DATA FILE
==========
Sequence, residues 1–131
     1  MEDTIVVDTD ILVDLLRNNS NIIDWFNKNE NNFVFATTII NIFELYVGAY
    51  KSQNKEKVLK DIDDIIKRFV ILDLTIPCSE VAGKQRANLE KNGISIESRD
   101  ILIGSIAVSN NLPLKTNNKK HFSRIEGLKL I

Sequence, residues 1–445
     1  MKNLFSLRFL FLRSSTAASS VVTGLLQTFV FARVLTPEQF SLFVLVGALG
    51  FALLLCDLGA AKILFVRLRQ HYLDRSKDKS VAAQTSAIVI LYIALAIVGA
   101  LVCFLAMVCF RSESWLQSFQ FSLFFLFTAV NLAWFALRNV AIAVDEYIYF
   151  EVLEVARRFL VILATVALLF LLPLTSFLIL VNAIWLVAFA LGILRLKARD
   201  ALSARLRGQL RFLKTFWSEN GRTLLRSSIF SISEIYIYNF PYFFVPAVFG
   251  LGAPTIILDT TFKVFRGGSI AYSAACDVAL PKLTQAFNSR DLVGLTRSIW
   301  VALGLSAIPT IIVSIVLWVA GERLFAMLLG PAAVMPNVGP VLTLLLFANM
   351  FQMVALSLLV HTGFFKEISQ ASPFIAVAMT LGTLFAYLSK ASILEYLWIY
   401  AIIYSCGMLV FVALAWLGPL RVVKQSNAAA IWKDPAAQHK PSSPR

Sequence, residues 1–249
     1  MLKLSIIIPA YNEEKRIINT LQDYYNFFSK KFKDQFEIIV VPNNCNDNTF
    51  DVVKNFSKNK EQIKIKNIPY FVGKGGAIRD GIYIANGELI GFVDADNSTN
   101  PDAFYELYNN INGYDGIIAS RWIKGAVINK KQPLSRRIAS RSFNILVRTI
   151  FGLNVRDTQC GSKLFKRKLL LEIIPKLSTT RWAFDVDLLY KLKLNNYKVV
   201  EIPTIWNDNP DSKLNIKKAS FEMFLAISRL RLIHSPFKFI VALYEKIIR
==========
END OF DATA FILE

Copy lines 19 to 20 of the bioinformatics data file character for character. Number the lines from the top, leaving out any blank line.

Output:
   151  FGLNVRDTQC GSKLFKRKLL LEIIPKLSTT RWAFDVDLLY KLKLNNYKVV
   201  EIPTIWNDNP DSKLNIKKAS FEMFLAISRL RLIHSPFKFI VALYEKIIR